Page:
Thursday, September 21, 2023
Reader Morris directed me to an MSN explanation of the Alabama homestead tax exemption for seniors. The explanation first noted that one of the requirements is that the person must “have a net income of $12,000 or less,” but in a subsequent paragraph described the requirement as, “Your net taxable income on your most recent federal income tax return should not exceed $12,000.”
In an attempt to resolve that discrepancy, reader Morris also sent me another link, this one to section 810.-4-1-.23 of the Alabama Administrative Code. This provision requires the person to have “net annual taxable income of $12,000 or less, as shown on the taxpayer's and spouse's latest United States income tax return.”
So now we have three articulations, each one slightly different. The one that is controlling is the one in the Administrative Code. But what is “net annual taxable income . . . as shown on the . . . latest United States income tax return”? I searched the Income Tax Code on the Cornell University Law School Legal Information Institute site for “net annual taxable income” and found nothing. Curious, I then searched for “net taxable income,” and came up with only one reference, that to a provision once used in section 911 but repealed by Public Law 95-600 some time ago. So, again, nothing. Nor did I find anything in the Treasury Regulations promulgated under the Internal Revenue Code.
So what did the Alabama legislature and Department of Revenue mean when it used the term “net annual taxable income”? There is no definition in section 810.4-1-.23. That’s not surprising, because the language is in effect saying, “We aren’t giving you the definition because we are relying on the definition used for federal income tax purposes.” The challenge is figuring out what that term means for federal income tax purposes. A similar puzzle is why the author of the MSN commentary used both “net income” and “net taxable income” instead of “net annual taxable income” Perhaps the legislature, the Department of Revenue, and the MSN author mean, “taxable income”? I don’t know.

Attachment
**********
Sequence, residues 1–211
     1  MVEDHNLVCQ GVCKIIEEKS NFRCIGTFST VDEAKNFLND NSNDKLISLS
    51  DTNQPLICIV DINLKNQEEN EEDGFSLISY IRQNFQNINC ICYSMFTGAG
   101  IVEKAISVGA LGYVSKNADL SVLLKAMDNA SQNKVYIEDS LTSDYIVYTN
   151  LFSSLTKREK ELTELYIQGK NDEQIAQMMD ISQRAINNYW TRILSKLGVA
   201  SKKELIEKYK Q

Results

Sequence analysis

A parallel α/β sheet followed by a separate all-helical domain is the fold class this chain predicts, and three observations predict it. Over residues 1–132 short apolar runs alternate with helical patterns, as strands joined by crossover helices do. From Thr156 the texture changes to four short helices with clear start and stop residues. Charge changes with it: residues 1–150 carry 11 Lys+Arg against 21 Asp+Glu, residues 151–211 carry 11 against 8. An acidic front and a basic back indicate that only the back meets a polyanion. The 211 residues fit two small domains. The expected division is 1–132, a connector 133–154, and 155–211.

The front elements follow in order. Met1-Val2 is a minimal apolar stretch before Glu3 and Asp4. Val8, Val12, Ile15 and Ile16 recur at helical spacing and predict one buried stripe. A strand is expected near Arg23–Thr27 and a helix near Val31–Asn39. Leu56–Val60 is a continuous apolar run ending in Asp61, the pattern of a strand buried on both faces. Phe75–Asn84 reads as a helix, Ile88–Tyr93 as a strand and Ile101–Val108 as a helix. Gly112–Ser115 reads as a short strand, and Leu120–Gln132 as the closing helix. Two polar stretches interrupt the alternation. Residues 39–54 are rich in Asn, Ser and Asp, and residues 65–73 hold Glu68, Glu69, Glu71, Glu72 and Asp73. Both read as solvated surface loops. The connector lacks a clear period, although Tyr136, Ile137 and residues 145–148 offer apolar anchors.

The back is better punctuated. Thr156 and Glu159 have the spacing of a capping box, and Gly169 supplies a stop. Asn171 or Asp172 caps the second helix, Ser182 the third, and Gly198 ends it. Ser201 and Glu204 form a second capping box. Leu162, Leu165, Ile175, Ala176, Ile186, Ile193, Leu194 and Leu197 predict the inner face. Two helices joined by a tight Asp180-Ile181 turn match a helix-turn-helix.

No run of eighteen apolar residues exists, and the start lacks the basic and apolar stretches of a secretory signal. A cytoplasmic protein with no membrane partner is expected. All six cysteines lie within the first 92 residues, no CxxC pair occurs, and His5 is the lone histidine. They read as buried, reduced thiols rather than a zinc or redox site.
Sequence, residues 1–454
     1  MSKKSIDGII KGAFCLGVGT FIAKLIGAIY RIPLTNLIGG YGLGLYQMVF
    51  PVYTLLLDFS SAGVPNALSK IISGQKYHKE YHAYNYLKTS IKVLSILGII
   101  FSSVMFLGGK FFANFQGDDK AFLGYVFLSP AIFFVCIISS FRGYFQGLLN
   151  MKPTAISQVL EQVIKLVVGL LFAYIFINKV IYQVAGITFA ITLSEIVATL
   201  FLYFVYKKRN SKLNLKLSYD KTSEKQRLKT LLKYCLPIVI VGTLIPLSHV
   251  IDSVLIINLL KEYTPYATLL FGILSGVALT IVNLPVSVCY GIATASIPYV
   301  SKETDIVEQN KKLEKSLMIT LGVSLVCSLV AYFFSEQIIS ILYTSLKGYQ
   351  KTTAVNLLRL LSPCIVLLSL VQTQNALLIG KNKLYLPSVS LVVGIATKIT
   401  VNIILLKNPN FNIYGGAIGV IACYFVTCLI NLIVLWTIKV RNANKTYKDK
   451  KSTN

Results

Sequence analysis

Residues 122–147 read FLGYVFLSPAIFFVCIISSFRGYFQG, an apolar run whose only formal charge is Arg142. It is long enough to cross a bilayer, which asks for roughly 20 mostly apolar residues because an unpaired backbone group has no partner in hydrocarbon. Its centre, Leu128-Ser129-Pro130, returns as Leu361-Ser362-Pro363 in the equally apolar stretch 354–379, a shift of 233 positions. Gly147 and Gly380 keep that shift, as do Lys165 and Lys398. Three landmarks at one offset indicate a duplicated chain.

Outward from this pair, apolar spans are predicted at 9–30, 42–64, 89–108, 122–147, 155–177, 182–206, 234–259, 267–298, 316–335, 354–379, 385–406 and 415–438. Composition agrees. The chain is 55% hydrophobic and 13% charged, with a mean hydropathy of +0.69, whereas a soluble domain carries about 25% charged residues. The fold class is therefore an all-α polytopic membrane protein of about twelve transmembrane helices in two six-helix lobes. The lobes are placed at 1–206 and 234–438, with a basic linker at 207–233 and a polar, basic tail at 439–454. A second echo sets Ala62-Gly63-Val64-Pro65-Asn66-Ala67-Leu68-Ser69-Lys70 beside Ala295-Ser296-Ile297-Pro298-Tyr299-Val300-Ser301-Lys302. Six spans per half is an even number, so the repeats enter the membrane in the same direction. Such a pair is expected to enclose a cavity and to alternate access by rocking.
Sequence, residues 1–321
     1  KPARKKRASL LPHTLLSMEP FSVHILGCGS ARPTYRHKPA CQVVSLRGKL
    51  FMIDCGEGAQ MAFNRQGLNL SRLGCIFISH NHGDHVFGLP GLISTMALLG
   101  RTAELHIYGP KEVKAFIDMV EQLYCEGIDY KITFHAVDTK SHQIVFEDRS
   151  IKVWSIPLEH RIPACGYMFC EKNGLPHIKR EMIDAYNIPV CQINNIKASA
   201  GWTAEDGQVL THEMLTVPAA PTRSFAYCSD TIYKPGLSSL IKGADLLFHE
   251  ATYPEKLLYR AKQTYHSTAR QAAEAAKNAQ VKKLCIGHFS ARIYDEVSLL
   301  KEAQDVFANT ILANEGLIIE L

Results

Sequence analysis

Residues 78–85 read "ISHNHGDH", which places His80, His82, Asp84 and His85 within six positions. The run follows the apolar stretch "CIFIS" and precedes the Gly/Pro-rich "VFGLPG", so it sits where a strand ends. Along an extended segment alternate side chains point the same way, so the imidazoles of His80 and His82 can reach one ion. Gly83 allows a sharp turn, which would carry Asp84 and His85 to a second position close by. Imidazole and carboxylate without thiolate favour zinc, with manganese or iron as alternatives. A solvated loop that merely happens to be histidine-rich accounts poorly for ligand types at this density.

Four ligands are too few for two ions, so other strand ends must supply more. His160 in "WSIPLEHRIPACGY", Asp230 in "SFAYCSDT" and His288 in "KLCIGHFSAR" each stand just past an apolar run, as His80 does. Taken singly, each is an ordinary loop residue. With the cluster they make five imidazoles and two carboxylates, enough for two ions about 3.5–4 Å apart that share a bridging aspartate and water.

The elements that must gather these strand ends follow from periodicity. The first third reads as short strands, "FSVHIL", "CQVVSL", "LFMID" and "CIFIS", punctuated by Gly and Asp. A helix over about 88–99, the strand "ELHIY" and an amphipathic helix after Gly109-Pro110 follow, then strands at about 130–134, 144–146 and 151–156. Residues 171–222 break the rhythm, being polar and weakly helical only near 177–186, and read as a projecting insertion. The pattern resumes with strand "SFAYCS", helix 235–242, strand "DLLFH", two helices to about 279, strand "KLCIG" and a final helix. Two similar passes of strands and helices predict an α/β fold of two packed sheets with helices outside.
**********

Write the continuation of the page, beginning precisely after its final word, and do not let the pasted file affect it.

But perhaps I’m missing something. Over the years I’ve learned that statutes and regulations often resemble word-based treasure hunts, in which a term is defined in some obscure place, not necessarily with cross-references that assist someone in resolving the definition of a term. But I remain curious, and invite anyone who has the definition of “net annual taxable income” as Alabama intends for it to be defined to let us know.
Saturday, September 02, 2023
Reader Trent Robinson shared with me his understanding that deductions for ordinary and necessary business expenses are not normally considered a tax expenditure even though those expenses do have the effect of decreasing tax liability from what it would be absent those expenses being deducted. I replied to Trent that I think he makes a good point about ordinary and necessary business expenses. For example, should cost of goods sold, sometimes characterized as a deduction, be tagged as a “tax expenditure”? To the extent that Henderson suggests deductions are tax expenditures because deductions exist at the whim of Congress, should trade or business expenses be considered absolutes along the lines of cost of goods sold? Though it makes sense to answer in the affirmative, the reality is that there are all sorts of business expense that are ordinary and necessary but that Congress has chosen either to deny or to limit. Congress limits the amount that can be deducted as compensation, limiting it to what is reasonable. There are limits on the deduction of meals, entertainment, and travel expenses. Deductions are not permitted for certain fines and penalties paid in the course of operating a business. So even with trade or business expenses Congress is making judgments about which expenses should be subsidized through a tax expenditure and which ones should not.
Trent Robinson also noted that some legitimate expenses to generate non-business income are not allowable, often because Congress needed revenue raisers and denying or limiting these expenses as deductions was the most politically expedient method of increasing taxes. He asked, should there be a concept of a negative tax expenditure, perhaps with a different name, that is worth measuring and reporting on? I replied, that a name for expenses that are not deductible (or income that is not excluded) could “revenue generator” because in contrast to expenses that are allowed as deductions and income that is excluded, income that is not excluded and expenses that are not deductible tax liability.
Every income exclusion, every deduction, and every credit (aside from credits in the true nature of a reduction on account of actual payment or prepayment of taxes) involves policy decisions and political considerations. What matters is not so much the name given to them, or to their opposites (inclusions and disallowed deductions), but whether they are wise and fit a well-designed revenue system.